Definition of gently in English:


Pronunciation /ˈjentlē/ /ˈdʒɛntli/

Translate gently into Spanish


  • 1With a mild, kind, or tender manner.

    ‘she gently broke the news to her mom’
    • ‘a gently humorous account’
    • ‘The young lieutenant's wife gently lets it be known that honoring her husband's service does not necessarily make one a hawk.’
    • ‘He gently chides his flock in the West Wing that "the best place to go get operational information about the war is not from the White House."’
    • ‘They tune in to the soft voice of an instructor, gently urging them to forge a union between mind and body.’
    • ‘"No," she said, as gently as she could.’
    • ‘When people mistake the author for a man, she gently corrects them, with a joke if possible.’
    • ‘She gently tried to break down the barriers by teaching him to speak English.’
    • ‘I am trying to say it as gently as I can, but it is high time that our church began to look much more closely at how deans and bishops are chosen.’
    • ‘We make our suggestions as gently as we can, and we trust once again that as in the past, you will respond as generously as you can.’
    • ‘No potentate ever nurtured their children more gently than a pachyderm fondles its young.’
    • ‘Without others who are willing to gently talk and encourage, the grieving person may feel alienated or as if no one understands or even wants to understand.’
  • 2With lightness of action or effect; softly.

    ‘gently pat your skin dry’
    • ‘palm trees swayed gently in the breeze’
    • ‘Gently press down to form a five-inch disc.’
    • ‘Using a rubber spatula, gently stir until smooth and well combined.’
    • ‘Once seared, the shells remain in the pan to simmer gently with stock, aromatics, brandy, and rice.’
    • ‘Using a rubber spatula, gently fold the whipped cream into the bisque until smooth.’
    • ‘Unwrap the salmon and gently wipe off the salt and herb coating.’
    • ‘The tongue can be gently brushed and cleaned with a soft toothbrush.’
    • ‘He gripped the thorn again, twisting it gently so that it followed its own path out.’
    • ‘He fed the flame, blowing gently into the carved bowl.’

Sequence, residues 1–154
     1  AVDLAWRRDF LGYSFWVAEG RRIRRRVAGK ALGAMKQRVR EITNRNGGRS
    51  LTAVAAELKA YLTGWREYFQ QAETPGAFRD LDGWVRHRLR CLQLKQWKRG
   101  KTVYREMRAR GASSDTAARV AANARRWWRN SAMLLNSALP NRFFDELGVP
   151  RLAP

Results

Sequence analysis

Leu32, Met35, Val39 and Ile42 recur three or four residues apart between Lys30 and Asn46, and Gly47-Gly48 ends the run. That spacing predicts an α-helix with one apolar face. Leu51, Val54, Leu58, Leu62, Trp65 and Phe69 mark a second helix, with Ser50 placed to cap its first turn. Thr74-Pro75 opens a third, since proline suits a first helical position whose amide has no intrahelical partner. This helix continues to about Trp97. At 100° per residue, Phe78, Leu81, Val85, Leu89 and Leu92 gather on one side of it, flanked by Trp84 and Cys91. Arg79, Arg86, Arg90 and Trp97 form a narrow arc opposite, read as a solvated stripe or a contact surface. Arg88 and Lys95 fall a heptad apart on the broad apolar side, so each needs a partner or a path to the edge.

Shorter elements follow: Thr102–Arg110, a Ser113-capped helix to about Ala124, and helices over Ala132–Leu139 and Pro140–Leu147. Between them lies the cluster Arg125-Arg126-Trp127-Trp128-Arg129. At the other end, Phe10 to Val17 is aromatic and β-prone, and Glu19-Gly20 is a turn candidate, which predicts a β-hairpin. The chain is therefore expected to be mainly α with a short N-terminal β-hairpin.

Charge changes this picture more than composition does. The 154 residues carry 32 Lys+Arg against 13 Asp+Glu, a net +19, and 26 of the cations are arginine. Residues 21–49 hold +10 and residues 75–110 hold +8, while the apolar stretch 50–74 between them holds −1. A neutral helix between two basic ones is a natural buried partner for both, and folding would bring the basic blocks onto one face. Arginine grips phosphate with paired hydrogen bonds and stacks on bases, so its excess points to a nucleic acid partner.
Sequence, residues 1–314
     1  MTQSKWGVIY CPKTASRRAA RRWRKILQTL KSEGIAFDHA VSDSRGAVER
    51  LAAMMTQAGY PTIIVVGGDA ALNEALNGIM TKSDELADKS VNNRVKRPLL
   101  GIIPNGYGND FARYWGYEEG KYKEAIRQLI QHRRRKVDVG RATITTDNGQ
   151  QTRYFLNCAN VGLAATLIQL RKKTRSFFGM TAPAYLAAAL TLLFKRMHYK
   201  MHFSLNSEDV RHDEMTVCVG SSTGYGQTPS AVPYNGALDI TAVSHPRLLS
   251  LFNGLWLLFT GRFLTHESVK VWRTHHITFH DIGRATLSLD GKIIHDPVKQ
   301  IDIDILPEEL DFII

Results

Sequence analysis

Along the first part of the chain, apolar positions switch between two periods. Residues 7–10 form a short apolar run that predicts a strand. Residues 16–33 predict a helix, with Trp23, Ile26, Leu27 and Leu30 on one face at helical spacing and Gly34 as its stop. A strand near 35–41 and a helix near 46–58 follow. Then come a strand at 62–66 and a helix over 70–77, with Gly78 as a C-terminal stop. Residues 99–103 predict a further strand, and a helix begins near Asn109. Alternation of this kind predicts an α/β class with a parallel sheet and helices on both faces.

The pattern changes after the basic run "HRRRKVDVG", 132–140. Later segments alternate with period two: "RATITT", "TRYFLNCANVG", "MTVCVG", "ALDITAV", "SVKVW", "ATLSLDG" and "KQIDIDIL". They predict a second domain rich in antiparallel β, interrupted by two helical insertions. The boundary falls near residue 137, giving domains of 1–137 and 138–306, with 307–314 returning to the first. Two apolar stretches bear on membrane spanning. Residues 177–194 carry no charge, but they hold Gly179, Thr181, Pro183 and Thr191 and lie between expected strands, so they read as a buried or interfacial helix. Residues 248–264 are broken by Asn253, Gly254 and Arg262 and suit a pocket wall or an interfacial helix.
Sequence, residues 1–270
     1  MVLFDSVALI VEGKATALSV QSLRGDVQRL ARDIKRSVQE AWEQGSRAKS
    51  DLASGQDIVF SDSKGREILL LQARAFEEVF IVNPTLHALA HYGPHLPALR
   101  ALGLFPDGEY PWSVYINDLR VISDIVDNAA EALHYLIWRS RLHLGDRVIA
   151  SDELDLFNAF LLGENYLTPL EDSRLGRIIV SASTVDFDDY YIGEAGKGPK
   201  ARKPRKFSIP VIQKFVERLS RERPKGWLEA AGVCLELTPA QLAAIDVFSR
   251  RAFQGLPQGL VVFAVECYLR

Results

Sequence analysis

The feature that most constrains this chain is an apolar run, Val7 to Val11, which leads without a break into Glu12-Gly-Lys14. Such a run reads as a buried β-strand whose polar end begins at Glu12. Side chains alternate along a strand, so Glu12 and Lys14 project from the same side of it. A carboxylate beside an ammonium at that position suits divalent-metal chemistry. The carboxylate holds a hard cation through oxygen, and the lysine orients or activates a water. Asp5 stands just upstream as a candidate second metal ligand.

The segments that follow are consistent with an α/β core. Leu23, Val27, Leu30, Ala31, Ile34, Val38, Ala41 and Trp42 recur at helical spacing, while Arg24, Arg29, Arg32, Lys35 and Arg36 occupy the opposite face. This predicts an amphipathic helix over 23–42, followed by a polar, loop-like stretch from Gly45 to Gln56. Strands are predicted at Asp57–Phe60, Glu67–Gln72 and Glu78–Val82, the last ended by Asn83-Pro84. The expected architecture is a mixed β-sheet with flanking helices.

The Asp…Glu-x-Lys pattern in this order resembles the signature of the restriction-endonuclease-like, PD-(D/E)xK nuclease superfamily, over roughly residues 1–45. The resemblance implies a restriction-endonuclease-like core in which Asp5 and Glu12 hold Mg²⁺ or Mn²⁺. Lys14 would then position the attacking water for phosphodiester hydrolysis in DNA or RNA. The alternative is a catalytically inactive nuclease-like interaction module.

• ‘Pulling a leaf out, he gently brushes the veined side with his fingers.’
    • ‘She moves to his side of the bed and shakes him gently by his shoulder.’
    1. 2.1With only gradual inclines.
      ‘a gently undulating landscape’
      • ‘the lawn slopes gently to the river’
      • ‘The site is on a gently sloping hill above Interstate 60.’
      • ‘The library is a heroic double-height space, top-lit by angular openings punched into the gently curved roof.’
      • ‘The floors' areas are somewhat smaller near the top, giving the structure a gently tapering appearance on the skyline.’
      • ‘The roof is an off-white translucent membrane spanning gently curving rafters.’
      • ‘A canopy of metal floats like a huge handkerchief above a voluminous carapace whose thin edges bend gently over the rolling lawns.’
      • ‘Gazing out over his corn crop, a farmer is watching an irrigation system deliver bursts of water across the gently rolling field.’
      • ‘Entry to the basement-level parking garage is via a gently sloping ramp on the north side.’
      • ‘Rocky outcrops of basalt lava dot the landscape, which climbs gently from 1,200 feet to peaks nearly 5,000 feet high.’
      • ‘Clad in horizontal slats of red pine, the walls bow gently outward, like cupped hands or a ship's hull.’
      • ‘A bridge spans the moat from the gently sloping walk to the house entrance.’


    gently born
    • (of a person) having the qualities attributed to noble birth; courteous and chivalrous.

      ‘my family may be silly, but we are still gently born and bred’
      • ‘Politics and generalship were becoming professions and skills, no longer merely one of the varied activities of the gently born.’
      • ‘He went on to tell us how gently born ladies took to eating porridge off earthenware, and how they dug in their gardens, and how the sap of life sang in their veins.’
      • ‘The character described is gently born and enjoys all the grandeurs expected of someone in her social class.’
      • ‘I shall marry a man so basely, yet gently born, that my lord regents may not object.’
      • ‘The early 19th century is a particularly potent facet of period courtship, when the war led to a shortage of eligible young gentlemen for gently born ladies.’